Brown County is about three weeks away from delivery of a brand new road grader and three new dump trucks.

Commissioners approved the purchases Monday in regular session meeting. The Caterpillar 140-H motor grader is going to Precinct 4, two of the dump trucks are for Precinct 2 and the third will go to Precinct 1. All of the equipment is being purchased new, and replacing equipment between 25 and 40 years old. Commissioners researched the purchases through the Texas Buy Board, which is a pre-bid system for state equipment.

“We did a lot of work on this,” said Precinct 4 Commissioner Larry Traweek, “and what we found out is we could get a new motor grader cheaper than used. What we don’t want is to keep spending money on parts, that can easily get to be more expensive than something that’s new that’s under warranty and that won’t break down.”

The used graders Traweek found ranged in price from $185,000 to $200,000 and came without guarantees or warranties, he said.

The acquisition of the new grader is actually through a lease/purchase plan from Caterpillar. Its cost is $197,664.74, less a $20,000 trade in of a 1968 grader the county owns. Traweek said there is a buyback option on the 2007 grader of a minimum of $135,000 in five years, and the buyback could be more, depending on the condition and mileage of the grader.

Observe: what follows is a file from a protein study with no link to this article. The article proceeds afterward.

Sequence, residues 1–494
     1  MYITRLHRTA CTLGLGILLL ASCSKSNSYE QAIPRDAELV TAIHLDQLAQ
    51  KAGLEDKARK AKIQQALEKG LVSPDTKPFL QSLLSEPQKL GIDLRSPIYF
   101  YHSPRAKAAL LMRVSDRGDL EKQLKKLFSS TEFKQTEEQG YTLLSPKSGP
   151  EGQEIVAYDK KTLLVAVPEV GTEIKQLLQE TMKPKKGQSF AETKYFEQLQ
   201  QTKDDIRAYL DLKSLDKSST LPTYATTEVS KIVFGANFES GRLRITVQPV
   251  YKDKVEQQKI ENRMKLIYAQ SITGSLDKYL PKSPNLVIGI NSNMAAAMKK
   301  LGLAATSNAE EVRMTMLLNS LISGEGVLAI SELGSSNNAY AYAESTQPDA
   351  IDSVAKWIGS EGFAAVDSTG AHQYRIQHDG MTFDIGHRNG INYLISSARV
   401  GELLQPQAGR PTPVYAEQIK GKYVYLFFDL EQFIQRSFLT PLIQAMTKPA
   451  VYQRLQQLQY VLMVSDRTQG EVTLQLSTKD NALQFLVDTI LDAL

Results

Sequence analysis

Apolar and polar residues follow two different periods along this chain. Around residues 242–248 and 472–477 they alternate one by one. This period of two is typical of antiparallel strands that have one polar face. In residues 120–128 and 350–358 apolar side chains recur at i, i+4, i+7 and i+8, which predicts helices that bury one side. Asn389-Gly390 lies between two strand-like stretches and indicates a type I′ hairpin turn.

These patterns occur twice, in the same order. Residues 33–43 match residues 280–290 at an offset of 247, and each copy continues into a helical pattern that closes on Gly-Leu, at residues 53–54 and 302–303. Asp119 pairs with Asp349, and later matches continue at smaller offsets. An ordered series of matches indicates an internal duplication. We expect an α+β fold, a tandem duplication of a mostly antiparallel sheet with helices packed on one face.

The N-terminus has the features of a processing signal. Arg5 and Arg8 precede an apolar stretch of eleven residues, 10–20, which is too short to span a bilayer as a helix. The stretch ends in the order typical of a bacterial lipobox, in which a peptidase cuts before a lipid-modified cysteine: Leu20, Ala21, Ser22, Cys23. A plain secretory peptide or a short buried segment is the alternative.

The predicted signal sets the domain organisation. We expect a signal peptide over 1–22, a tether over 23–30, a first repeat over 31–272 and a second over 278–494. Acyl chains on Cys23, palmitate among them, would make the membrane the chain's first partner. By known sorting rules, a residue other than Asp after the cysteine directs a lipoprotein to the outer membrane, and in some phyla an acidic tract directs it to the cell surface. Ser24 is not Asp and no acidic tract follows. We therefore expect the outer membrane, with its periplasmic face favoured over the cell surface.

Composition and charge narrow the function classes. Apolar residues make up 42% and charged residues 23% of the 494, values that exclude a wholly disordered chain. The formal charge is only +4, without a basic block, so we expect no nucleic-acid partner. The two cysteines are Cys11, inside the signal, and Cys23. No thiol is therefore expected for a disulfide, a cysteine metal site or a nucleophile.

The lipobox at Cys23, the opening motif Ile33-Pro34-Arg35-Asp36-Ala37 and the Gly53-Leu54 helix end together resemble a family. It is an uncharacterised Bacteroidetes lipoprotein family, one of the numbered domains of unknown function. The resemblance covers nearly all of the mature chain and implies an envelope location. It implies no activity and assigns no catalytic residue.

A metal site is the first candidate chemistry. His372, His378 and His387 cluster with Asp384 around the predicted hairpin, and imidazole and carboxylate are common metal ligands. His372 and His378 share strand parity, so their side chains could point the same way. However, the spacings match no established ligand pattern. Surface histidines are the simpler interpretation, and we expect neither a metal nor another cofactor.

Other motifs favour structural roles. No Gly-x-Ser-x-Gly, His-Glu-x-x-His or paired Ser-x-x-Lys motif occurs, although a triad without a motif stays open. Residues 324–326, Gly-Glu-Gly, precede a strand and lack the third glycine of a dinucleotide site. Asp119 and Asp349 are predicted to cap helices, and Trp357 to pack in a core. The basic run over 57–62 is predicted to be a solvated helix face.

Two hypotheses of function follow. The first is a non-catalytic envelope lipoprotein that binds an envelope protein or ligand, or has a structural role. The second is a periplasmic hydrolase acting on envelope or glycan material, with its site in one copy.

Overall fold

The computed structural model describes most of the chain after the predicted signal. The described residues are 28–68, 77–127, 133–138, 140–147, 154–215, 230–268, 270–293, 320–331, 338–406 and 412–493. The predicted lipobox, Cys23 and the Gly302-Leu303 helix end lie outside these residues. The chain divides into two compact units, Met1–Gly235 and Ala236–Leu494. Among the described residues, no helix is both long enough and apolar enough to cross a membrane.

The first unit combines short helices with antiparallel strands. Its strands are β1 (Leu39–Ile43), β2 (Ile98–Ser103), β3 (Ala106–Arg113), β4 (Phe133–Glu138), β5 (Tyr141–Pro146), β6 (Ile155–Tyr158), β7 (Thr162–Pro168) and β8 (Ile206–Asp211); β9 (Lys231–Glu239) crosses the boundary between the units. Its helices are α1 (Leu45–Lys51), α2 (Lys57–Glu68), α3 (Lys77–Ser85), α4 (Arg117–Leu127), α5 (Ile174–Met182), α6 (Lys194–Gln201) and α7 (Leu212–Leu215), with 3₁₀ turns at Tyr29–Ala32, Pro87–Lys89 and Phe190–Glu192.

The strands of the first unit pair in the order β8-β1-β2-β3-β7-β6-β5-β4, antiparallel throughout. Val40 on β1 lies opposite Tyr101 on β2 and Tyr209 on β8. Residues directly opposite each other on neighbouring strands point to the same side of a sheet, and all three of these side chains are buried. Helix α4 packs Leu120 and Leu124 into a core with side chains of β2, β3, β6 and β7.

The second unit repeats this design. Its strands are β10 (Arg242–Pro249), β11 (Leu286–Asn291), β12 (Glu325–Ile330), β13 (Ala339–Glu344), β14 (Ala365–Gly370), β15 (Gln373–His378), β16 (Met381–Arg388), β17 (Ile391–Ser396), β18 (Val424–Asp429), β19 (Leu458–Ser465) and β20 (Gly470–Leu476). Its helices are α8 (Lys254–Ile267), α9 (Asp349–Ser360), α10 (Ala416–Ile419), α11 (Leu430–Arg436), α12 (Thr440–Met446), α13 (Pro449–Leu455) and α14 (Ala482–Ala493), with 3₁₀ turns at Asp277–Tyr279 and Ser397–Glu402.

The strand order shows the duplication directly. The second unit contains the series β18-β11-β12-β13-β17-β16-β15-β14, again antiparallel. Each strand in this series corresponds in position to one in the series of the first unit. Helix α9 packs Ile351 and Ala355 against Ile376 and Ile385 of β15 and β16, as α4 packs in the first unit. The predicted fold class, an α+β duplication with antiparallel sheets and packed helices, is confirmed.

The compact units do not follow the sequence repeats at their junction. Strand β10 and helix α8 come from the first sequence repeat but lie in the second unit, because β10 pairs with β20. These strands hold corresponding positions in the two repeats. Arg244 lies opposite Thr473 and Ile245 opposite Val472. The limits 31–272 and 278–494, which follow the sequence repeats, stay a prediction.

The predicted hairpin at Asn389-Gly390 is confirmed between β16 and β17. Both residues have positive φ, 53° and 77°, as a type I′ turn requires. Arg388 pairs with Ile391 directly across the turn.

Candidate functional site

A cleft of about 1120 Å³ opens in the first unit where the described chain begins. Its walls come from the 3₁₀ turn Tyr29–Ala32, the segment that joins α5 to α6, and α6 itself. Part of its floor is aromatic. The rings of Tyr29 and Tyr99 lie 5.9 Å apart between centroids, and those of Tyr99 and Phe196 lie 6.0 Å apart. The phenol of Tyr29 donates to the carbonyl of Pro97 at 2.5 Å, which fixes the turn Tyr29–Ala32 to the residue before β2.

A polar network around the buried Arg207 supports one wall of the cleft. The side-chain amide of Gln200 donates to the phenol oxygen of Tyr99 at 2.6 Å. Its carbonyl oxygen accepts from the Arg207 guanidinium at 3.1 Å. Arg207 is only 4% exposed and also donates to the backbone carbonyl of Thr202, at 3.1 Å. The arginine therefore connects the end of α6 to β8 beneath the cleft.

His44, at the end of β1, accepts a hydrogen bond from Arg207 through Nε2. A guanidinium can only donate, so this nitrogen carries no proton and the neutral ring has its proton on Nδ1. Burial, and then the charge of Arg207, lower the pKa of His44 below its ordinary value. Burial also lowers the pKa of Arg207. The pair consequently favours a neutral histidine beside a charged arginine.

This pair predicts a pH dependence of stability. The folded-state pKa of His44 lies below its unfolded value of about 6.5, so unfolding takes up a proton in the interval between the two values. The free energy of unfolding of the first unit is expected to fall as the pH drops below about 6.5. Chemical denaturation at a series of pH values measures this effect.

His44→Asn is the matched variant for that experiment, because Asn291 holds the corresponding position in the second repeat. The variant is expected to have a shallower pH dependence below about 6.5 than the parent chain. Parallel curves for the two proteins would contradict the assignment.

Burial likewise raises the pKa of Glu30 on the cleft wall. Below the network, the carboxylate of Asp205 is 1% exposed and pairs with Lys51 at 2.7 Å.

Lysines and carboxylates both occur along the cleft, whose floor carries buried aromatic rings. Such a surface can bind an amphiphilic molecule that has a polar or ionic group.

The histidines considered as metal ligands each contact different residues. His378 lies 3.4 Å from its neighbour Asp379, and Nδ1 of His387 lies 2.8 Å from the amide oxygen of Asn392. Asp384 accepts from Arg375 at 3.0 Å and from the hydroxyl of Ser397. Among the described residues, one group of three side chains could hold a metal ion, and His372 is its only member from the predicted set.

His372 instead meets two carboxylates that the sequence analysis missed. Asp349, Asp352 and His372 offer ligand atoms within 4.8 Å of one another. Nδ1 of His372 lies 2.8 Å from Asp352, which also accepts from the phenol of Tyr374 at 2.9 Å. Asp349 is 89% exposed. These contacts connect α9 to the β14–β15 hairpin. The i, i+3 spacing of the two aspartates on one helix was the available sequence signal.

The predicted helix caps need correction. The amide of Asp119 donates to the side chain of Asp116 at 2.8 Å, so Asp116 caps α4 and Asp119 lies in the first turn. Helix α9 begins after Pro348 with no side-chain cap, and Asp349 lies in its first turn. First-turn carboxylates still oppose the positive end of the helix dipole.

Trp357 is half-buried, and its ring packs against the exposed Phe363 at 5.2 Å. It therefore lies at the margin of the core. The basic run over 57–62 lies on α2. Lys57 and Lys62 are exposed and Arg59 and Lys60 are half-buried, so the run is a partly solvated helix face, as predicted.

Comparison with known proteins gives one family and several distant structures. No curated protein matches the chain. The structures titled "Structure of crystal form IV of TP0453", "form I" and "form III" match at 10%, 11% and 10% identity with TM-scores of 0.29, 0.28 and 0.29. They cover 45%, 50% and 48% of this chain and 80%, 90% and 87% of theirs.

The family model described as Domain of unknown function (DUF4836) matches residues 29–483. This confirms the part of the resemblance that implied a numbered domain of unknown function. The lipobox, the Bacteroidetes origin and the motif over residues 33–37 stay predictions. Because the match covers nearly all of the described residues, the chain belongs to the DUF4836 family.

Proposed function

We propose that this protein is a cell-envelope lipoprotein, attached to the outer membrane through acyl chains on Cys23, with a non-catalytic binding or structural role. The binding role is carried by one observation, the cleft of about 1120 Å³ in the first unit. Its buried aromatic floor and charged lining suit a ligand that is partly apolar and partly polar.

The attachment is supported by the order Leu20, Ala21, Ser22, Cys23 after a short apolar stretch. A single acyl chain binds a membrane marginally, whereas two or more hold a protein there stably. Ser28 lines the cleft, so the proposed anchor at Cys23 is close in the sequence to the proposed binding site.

The purchase price on each of the three dump trucks is $96,528.33, and Precinct 2 Commissioner Joel Kelton said the county would be getting $40,000 on trade-ins of several trailers and trucks.

“Some of our trade-ins are things just sitting on the lot that the county can’t use any more,” Kelton said.

The trucks are being financed through TexasBank, which had agreed to match the 4.85 interest other lenders had offered.

“I’m glad that worked out,” Kelton said. “I’m glad we could keep the note local.”

But there are also buyback options available on the trucks and Kelton said, after 36 months the buyback option promised 75 percent of the purchase price; 65 percent after 48 months and 50 percent at 60 months.

“That’s a good option, because what we’re trying to do is rotate out some of the older trucks and have newer equipment on hand,” Kelton said.

One county maintenance man works full time doing mechanic work on the aging county equipment, and that man is about to retire, Kelton said.

“We’re looking at ways for us to have fewer mechanical problems and less repair that can free up our workers to do the road work.”